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Big Deal, Little Deal, No Deal: Ranking the recent Penguins lineups choices

The Penguins have had a lot of interesting and somewhat surprising lineup decisions lately. Which ones are big deals? Which might mean a little bit, and which are not that important?

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Vegas Golden Knights v Pittsburgh Penguins Photo by Joe Sargent/NHLI via Getty Images

This weekend over Friday and Sunday games, the Pittsburgh Penguins had two of their more notable lineups for games. They broke the mold of their typical predictability by calling up and playing Valterri Puustinen from the AHL without so much as an NHL practice. And then sent him down just as quickly the next day. Radim Zohorna appeared in his first NHL game in a month. Brian Dumoulin got sick and recovered. Brock McGinn was injured and will be out for a while. Marcus Pettersson was a healthy scratch for the first time as a Penguin, Dominik Simon was left in the press box all weekend. There was a lot going on.

Sorting through the mayhem, which of these happenings is a big deal, a little deal or not much of an issue moving forward.

No Deal

—Brock McGinn injury

It sucks for him personally to be out week-to-week. McGinn was spotted in the background of the team’s Friday victory video wearing a splint/cast on his wrist/forearm area after being injured during the game against Vegas. But he will heal and McGinn hasn’t been making a huge impact, he only has scored one goal and two assists in the last 18 games.

It also helps the Pens have Brian Boyle to put in McGinn’s spot to kill penalties and play next to Teddy Blueger and Zach-Aston Reese. Boyle has three points (1G+2A) in the last two games and will do what he’s done all year to be a reliable player. When McGinn’s healthy, which presumably will be before playoffs, he will be back in his spot and everything will move on just the same.

Little Deal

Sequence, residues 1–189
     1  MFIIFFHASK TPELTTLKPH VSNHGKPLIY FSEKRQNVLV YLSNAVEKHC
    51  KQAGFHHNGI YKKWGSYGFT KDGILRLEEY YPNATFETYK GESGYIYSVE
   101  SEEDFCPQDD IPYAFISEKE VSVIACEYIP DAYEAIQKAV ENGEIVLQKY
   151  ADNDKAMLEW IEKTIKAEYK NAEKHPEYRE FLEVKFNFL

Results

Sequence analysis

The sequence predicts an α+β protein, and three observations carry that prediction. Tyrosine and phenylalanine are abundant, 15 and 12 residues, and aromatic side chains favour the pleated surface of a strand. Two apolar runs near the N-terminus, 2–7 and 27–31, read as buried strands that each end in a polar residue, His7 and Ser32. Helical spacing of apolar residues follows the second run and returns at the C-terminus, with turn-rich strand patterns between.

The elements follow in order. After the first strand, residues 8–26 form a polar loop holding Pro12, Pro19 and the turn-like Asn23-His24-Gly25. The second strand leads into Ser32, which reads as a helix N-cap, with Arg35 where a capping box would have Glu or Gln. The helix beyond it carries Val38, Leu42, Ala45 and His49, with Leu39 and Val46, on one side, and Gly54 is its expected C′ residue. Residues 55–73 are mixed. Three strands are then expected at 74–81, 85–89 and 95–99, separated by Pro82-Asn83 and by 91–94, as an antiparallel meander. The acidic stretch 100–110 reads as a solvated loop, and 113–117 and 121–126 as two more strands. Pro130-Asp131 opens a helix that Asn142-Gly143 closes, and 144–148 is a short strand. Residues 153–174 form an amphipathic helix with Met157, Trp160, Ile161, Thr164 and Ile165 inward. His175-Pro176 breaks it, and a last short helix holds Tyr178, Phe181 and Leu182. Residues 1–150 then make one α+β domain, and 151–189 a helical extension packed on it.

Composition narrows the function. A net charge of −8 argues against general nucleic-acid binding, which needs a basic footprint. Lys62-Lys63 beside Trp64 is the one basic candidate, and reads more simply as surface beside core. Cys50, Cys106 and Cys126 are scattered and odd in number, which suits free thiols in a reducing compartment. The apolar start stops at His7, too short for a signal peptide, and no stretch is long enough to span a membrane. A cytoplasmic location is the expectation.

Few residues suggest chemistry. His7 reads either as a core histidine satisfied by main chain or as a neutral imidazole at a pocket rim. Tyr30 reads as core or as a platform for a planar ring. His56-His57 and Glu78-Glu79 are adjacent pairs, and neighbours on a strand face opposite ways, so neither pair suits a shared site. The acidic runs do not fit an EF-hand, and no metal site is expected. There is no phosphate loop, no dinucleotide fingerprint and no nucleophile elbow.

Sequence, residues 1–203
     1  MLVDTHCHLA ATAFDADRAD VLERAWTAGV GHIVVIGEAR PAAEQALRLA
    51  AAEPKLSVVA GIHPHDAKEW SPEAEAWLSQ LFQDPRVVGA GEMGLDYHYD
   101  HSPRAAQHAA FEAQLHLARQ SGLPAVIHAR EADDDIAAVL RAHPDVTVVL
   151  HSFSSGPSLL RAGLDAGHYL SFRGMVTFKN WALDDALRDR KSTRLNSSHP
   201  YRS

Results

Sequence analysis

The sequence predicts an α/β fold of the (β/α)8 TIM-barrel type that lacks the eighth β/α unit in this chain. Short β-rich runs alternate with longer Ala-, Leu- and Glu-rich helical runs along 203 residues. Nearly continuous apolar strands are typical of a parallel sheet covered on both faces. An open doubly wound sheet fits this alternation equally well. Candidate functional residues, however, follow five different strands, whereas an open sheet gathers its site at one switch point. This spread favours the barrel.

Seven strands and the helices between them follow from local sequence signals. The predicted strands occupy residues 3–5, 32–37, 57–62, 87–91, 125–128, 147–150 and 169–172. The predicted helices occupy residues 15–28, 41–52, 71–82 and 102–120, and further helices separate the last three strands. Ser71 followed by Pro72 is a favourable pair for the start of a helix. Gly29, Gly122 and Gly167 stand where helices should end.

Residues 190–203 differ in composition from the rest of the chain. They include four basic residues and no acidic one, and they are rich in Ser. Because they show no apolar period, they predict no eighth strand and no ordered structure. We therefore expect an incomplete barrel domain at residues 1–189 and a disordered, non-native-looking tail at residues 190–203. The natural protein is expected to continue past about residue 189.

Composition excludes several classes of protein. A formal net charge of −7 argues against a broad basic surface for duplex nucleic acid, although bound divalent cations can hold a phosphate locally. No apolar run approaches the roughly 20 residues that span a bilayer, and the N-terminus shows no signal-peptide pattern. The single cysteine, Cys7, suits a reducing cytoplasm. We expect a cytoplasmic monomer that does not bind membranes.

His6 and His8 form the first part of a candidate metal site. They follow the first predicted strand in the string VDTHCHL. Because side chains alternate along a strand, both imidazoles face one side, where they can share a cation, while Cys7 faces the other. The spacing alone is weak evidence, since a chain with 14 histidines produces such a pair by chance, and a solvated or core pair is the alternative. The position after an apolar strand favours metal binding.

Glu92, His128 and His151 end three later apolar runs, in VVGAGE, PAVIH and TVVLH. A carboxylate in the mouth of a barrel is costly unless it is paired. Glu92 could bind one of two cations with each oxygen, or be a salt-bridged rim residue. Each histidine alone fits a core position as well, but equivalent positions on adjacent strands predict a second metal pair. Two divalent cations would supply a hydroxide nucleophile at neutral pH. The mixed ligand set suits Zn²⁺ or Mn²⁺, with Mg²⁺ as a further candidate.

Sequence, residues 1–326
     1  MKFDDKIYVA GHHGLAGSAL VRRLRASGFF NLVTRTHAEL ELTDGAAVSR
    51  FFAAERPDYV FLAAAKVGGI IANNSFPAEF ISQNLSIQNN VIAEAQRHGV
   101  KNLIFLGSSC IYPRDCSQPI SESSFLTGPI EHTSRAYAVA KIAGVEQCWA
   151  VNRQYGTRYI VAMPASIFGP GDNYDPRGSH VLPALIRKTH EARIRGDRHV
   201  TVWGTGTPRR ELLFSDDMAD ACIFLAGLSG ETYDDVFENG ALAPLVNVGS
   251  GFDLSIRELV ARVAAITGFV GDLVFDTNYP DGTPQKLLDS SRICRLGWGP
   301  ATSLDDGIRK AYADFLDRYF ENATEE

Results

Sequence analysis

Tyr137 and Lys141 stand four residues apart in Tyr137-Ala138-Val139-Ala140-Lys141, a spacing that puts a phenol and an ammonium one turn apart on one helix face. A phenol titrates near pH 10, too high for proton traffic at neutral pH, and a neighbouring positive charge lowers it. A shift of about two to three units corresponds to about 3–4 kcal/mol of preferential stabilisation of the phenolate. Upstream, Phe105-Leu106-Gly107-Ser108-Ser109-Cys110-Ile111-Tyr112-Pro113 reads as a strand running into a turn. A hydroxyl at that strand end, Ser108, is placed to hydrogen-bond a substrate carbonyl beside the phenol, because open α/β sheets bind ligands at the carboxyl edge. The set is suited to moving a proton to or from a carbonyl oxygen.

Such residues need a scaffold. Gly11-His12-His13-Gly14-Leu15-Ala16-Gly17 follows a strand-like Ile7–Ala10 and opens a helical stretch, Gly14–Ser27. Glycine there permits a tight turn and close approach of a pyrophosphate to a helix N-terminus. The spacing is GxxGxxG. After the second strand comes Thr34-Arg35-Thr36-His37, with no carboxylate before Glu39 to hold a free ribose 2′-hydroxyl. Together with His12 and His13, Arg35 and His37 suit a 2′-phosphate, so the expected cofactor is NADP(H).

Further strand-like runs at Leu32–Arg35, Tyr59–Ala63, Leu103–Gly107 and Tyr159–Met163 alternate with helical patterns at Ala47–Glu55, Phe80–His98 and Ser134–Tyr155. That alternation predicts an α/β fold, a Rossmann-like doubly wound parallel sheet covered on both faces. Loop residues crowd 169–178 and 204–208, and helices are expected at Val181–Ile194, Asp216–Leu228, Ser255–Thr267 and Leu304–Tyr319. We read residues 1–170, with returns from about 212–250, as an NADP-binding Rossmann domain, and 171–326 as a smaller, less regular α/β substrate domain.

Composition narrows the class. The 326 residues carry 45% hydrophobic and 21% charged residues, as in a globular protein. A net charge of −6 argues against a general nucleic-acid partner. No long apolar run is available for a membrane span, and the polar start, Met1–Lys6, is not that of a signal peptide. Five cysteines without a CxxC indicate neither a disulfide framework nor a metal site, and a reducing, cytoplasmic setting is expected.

—Mark Friedman playing over Marcus Pettersson

After yesterday’s game, coach Mike Sullivan confirmed Pettersson was a healthy scratch and Friedman “deserved to play based on performance”. Friedman only played 14:33 against Carolina, the Pens don’t ask a lot out of their third pair but the coaches are clearly liking what Friedman is bringing to the table. His energy, skating and drawing two penalties against the ‘Canes are standing out in a positive way. Sullivan called the defensive lineup a “tough decision” that will be made on a game-by-game basis, it will be interesting to see just how fluid the lineup will be and when Pettersson draws back into the game.

—Dominik Simon on the outside, young players in

The internet always makes too much of Simon one way or another, but there’s a little something to Pittsburgh bringing up Puustinen on Friday and then Zohorna on Sunday to play and sit the veteran in Simon. And for good reason, Simon is a known quality that doesn’t hurt a team, but doesn’t add very much with the puck either. It’s nice to see younger players get a chance to see what the Pens have there. Surely Simon will be back at some point, but ideally he shouldn’t be in the lineup for the playoffs. There’s no need to have him play literally every game either. If the Pens want to keep it going, Drew O’Connor has six points (3G+3A) in six AHL games this month and presumably could have something to offer.